Clinical Trials: General Information
Clinical trials allow scientists and doctors to test new ways to treat illnesses. They are also an option for people to try something new at less cost. The following links may help you decide if you want to be in a clinical trial.
- CenterWatch Clinical Trials Listing Service
- "You can use this site to find a wealth of information about clinical research, including listings of more than 41,000 active industry and government-sponsored clinical trials, as well as new drug therapies in research and those recently approved by the FDA. " In addition to listings of clinical trials, there is a glossary of clinical research terms and a number of drug directories, including Drugs Newly Approved by the FDA and PDR Family Guides Drug Information.
- Children and Clinical Studies
(National Heart Lung and Blood Institute)
- Children’s bodies do not react the same as adults to certain medical treatments. This Website explains why this is and why research into children’s medical care is important. It answers questions about enrolling a child in a clinical trial: the pros and cons, how studies are structured, precautions parents should take, and the rights of children and parents involved in a clinical study. Included are videos of professionals, parents, and children discussing these issues.
- Clinical trials
(National Cancer Institute)
- On the National Cancer Institute's site, you can learn what clinical trials are and how they are used to help patients and to find better treatments for cancer. If you want to consider being in a clinical trial, this is a good site to visit with your doctor or health care professional to find out if trials are available. Select Finding Clinical Trials for links to information about particular trials.
- Clinical Trials
(National Institute of Dental and Craniofacial Research)
- The National Institute of Health answers questions about clinical trials. A list of dental and craniofacial (referring to the head and face) studies seeking patients for clinical trials is included. There is also information for professionals and patient advocates who want to increase awareness of clinical trials.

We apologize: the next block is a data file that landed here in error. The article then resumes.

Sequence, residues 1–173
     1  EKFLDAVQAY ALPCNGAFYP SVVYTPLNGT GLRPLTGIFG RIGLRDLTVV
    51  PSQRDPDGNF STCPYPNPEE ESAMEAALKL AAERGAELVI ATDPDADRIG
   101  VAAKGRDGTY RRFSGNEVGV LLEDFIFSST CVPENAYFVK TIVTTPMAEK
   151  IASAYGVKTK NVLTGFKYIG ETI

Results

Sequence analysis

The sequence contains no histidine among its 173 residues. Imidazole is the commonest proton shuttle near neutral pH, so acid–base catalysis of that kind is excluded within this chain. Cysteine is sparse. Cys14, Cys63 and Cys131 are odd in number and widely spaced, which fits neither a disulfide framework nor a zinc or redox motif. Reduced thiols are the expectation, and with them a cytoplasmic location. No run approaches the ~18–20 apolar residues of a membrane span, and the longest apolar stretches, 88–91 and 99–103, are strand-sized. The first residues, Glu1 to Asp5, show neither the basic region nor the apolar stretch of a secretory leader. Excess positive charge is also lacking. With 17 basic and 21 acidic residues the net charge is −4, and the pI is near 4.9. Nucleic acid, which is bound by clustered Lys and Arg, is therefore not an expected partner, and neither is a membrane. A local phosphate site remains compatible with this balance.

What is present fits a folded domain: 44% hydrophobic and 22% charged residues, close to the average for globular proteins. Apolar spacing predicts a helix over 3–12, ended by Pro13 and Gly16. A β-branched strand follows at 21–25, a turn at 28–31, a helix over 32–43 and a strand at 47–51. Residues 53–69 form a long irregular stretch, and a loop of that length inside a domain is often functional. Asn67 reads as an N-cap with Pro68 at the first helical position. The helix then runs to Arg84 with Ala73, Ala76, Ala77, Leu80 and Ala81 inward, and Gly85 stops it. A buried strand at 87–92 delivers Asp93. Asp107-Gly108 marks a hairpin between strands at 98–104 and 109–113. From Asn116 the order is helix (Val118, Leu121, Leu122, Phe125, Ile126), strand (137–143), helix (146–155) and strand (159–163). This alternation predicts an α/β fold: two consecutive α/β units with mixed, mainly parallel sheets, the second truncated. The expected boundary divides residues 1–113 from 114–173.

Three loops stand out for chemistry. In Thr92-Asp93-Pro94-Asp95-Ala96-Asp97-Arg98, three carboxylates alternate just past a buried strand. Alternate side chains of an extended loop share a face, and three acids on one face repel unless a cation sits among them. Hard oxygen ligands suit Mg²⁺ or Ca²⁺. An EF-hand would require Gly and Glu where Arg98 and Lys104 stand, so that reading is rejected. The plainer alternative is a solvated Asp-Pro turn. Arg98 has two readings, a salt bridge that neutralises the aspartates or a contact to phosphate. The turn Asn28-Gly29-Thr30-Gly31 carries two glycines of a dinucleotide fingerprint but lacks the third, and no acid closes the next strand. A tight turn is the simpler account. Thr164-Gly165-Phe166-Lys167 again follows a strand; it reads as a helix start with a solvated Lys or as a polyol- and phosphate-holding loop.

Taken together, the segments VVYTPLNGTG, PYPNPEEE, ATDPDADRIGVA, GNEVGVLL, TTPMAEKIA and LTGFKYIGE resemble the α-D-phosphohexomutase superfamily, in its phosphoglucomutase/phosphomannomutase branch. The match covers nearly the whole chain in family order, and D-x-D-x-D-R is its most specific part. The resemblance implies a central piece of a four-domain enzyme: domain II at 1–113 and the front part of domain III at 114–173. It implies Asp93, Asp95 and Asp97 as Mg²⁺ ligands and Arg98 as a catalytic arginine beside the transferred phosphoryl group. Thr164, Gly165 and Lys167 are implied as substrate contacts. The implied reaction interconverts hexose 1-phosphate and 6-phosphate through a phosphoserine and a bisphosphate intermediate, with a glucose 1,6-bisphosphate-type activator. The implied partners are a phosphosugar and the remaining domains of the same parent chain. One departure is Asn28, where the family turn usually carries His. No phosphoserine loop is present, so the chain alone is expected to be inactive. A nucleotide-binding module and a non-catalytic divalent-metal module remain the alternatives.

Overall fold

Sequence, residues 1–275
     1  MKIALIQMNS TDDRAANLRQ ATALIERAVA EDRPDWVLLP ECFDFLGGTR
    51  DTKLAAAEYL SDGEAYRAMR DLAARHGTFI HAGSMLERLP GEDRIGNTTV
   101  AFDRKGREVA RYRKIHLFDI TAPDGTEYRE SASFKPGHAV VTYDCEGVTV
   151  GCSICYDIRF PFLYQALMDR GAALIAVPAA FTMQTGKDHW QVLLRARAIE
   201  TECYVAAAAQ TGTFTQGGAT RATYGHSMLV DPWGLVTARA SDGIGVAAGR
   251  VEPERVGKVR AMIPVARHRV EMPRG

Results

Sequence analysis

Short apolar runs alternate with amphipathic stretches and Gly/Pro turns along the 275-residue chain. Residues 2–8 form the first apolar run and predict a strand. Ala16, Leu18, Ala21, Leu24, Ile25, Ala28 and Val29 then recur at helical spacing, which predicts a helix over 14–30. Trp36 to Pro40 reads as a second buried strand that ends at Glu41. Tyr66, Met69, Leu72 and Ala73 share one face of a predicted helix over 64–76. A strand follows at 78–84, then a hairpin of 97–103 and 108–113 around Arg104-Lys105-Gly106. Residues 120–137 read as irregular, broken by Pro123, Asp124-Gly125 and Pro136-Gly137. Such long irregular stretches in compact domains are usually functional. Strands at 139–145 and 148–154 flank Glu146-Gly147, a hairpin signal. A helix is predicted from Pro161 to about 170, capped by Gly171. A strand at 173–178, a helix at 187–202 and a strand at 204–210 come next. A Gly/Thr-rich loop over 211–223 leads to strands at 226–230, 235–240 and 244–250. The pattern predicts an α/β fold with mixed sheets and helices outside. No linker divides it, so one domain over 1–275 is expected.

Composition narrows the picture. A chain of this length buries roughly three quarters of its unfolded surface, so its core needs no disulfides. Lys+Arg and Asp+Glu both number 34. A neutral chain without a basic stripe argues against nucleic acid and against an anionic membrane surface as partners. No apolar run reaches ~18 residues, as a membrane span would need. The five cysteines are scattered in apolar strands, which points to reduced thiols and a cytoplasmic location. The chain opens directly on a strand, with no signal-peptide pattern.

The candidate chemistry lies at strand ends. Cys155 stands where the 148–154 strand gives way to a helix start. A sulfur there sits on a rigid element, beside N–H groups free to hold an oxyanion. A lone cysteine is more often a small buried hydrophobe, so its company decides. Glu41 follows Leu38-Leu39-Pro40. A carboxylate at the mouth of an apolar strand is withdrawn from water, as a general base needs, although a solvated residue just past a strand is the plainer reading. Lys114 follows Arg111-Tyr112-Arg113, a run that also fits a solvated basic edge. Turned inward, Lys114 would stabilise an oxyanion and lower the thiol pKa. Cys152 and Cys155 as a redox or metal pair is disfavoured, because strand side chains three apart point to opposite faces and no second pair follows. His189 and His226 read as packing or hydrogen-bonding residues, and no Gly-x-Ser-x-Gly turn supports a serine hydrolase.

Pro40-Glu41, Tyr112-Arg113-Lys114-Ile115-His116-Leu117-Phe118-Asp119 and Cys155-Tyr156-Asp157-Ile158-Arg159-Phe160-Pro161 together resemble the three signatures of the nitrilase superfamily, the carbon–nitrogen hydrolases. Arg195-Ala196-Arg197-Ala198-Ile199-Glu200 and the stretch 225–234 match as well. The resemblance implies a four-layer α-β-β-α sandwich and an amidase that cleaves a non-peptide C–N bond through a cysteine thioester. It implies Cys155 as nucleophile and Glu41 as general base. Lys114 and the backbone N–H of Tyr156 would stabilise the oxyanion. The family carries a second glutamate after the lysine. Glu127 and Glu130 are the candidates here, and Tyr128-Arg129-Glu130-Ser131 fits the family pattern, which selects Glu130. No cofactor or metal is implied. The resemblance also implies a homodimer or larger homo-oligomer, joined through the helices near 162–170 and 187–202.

- Clinical Trials
- Links to sites which have been reviewed by librarians at the National Library of Medicine.
- Clinical Trials.gov
(National Institues of Health)
- This site allows individuals to search for clinical studies sponsored by the National Institutes of Health and other Federal and non-Federal organizations. It contains over 5,000 clinical trials. For a basic understanding of clinical trials, look under Resource Information in the center of the page, then select Understanding Clinical Trials.
- Participating in Clinical Trials
(NIH Senior Health)
- Learn basic information about clinical trials, written in plain language. Chapters include What is a Clinical Trial, Finding a Clinical Trial, Informed Consent and Should I Join a Clinical Trial. Includes a short video. As part of the NIHSeniorHealth Website, this site offers options for enlarging the size of the text and having the words read to you as you move through the site.
(National Center for Research Resources)
- A free and secure registry for people who want to participate in research studies. ResearchMatch was developed by major academic institutions across the country. It can help ‘match’ you with any type of research study, ranging from surveys to clinical trials, always giving you the choice to decide what studies may interest you. The Medical University of South Carolina is part of the ResearchMatch network.
- Selected NHLBI Clinical Trials Across the U.S.
(National Heart, Lung and Blood Institute)
- Clinical trials sponsored by the National Heart, Lung and Blood Institute of the National Institutes of Health can be found at this site. You can search for trials by disease or condition, age group, and stage of trial. If you want to consider being in a clinical trial, this is a good site to visit with your doctor or health care professional to find out if trials are available.
- Taking Part in Research Studies: What Questions Should You Ask?
(Centers for Disease Control and Prevention)
- This is a complete, easy-to-read list of questions to ask about being in a clinical trial or study. Take this with you to talk to your doctor or health provider. Also available in Spanish.
- Learn About Clinical Studies
(National Library of Medicine)
- Explains clinical trials in a question and answer format. Presents lots of information that patients and their families will want to know if they are thinking about enrolling in a clinical trial. A list of questions to ask your doctor or the people doing the study is very helpful.
Last Modified: Tuesday November 17, 2009 10:00 AM